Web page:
A plurality of etching steps are performed to form the taper in the active waveguide layer forming part of the waveguide region of the structure. A first non-selective etching step is performed. This step is comprised of a diffusion-limited wet etching process performed on the structure to initiate the formation of a vertical taper using a laterally tapered mask. The tapered mask provides for a narrower width at one end portion compared to the widest width at the other end portion of the mask, e.g., of a substantially trapezoidal shape. The narrower portion will etch faster than the wider portion due to higher availability of etching species in the etchant so that a vertical taper is formed in the waveguide layer beneath the mask.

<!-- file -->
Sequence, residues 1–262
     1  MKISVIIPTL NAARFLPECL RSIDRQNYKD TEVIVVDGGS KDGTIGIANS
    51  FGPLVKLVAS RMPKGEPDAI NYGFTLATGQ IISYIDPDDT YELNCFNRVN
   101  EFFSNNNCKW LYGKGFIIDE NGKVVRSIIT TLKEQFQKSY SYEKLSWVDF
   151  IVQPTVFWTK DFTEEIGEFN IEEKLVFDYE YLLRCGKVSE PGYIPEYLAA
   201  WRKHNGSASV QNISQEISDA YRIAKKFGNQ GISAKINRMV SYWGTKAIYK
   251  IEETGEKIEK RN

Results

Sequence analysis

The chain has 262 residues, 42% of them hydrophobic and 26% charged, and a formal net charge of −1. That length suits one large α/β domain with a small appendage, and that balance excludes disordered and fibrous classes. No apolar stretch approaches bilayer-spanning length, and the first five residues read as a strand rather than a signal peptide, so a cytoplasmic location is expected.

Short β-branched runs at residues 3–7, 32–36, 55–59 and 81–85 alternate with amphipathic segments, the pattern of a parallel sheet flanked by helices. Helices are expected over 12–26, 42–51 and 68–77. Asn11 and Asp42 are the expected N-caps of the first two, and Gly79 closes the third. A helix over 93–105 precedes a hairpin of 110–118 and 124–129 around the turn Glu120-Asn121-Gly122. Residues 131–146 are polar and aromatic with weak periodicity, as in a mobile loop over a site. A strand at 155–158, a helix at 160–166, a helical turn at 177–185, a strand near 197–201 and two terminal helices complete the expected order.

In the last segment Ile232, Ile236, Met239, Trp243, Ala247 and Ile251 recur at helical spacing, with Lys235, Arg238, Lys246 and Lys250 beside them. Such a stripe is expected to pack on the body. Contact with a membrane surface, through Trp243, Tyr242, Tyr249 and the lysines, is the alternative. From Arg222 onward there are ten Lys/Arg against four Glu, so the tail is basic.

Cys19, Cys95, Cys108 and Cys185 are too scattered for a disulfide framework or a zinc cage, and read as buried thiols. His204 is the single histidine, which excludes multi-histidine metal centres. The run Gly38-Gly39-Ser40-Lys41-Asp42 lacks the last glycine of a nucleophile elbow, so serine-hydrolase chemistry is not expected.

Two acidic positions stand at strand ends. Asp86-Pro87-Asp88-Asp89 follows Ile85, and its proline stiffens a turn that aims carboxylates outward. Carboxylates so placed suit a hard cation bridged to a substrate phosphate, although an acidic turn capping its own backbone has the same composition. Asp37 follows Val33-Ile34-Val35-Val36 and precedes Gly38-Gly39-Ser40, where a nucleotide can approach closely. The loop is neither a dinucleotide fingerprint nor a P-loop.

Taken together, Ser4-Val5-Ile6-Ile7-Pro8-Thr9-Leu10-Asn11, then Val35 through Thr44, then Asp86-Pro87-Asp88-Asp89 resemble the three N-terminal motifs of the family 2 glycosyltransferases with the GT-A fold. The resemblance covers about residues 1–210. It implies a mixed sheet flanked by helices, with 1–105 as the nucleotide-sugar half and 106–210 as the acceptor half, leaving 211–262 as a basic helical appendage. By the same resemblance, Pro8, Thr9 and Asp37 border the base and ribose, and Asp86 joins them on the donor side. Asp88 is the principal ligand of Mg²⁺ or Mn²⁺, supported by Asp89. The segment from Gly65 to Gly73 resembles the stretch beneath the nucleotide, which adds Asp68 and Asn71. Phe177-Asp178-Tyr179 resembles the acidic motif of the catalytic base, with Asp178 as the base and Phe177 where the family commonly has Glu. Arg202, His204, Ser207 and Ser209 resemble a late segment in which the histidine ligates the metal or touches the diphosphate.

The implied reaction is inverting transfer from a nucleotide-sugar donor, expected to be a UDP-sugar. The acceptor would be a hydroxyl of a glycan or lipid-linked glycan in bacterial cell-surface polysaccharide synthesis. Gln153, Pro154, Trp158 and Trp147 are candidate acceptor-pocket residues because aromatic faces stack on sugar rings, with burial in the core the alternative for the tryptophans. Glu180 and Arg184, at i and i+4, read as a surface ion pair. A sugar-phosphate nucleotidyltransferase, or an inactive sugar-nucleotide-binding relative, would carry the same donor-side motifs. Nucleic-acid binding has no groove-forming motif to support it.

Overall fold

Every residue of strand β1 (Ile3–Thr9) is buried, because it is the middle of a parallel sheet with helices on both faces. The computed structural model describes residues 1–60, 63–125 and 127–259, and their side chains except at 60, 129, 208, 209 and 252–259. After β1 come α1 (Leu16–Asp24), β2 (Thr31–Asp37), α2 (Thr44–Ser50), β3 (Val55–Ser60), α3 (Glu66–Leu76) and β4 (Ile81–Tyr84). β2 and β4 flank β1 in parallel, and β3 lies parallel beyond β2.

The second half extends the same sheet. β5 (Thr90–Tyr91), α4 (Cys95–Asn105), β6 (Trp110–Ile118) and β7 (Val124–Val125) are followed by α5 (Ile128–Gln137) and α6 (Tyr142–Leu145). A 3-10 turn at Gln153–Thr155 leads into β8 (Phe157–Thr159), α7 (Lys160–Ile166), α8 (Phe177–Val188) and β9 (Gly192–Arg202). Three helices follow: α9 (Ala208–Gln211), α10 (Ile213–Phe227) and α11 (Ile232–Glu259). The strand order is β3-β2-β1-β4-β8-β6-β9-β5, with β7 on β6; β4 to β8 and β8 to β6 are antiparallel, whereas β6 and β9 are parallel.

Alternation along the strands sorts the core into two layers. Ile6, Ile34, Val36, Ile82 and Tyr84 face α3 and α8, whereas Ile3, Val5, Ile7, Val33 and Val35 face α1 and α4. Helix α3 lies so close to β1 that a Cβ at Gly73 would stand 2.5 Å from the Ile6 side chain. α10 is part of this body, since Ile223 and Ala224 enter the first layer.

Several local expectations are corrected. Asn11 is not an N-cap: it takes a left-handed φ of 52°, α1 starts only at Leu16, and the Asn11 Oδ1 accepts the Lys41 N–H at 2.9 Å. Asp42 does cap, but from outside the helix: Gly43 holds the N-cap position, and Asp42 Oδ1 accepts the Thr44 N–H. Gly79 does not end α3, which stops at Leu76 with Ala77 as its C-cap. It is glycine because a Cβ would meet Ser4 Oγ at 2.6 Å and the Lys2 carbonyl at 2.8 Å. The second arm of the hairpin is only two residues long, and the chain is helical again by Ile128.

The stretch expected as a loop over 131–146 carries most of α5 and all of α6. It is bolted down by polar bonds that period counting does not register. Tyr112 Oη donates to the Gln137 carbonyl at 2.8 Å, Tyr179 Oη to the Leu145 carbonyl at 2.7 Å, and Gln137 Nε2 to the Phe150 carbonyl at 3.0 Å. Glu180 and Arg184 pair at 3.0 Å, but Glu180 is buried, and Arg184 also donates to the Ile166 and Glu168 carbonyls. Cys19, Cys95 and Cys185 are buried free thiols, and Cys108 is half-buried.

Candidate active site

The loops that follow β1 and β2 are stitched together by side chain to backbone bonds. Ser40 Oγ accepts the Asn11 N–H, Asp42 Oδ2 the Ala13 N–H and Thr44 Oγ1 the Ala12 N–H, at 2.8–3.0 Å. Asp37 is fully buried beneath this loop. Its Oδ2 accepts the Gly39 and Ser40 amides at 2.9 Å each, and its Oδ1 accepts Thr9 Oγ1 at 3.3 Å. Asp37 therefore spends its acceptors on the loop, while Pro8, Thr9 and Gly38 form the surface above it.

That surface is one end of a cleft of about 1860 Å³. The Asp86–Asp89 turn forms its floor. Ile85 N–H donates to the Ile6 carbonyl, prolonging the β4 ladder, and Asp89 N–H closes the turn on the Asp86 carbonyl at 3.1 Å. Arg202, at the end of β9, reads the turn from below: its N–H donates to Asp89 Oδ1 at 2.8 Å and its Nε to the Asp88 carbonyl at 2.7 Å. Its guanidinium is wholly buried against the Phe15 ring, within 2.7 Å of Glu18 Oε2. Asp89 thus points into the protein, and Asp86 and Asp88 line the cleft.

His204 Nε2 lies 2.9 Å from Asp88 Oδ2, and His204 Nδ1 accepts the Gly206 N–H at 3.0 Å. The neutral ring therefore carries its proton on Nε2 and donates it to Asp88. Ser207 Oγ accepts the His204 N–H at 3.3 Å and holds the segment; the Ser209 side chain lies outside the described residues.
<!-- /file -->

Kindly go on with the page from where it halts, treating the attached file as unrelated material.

According to one embodiment of the present invention, the diffusion-limited etching step described above is followed by one or two selective etching steps, depending on the choice of the top sacrificial layer structure. The selective etching process is used to refine the taper-etched structure. The first selective etching step is a InP etch that is needed only for the case with the multiple sacrificial layer structure. This etching removes the remaining portion of the sacrificial InP cladding layer to reveal the top flat InGaAsP etch-stop semiconductor layer. The second selective etching step, a most important step of the two, together with the diffusion-limited taper etching, is a InGaAsP etch that recedes an edge of the tapered active waveguide layer and reveals a flat portion of the passive waveguide layer of the waveguide region beyond the tip of the tapered active waveguide layer, defining a passive waveguide section. Also, during this InGaAsP etch, the InP etch-stop layer between the active and passive waveguide layers protects the underlying passive waveguide layer. For the structure with the top multiple sacrificial layers, this etching step also removes the top InGaAsP semiconductor etch-stop layer, which was used to protect underlying materials during InP etch, and exposes the InP etch-stop layer.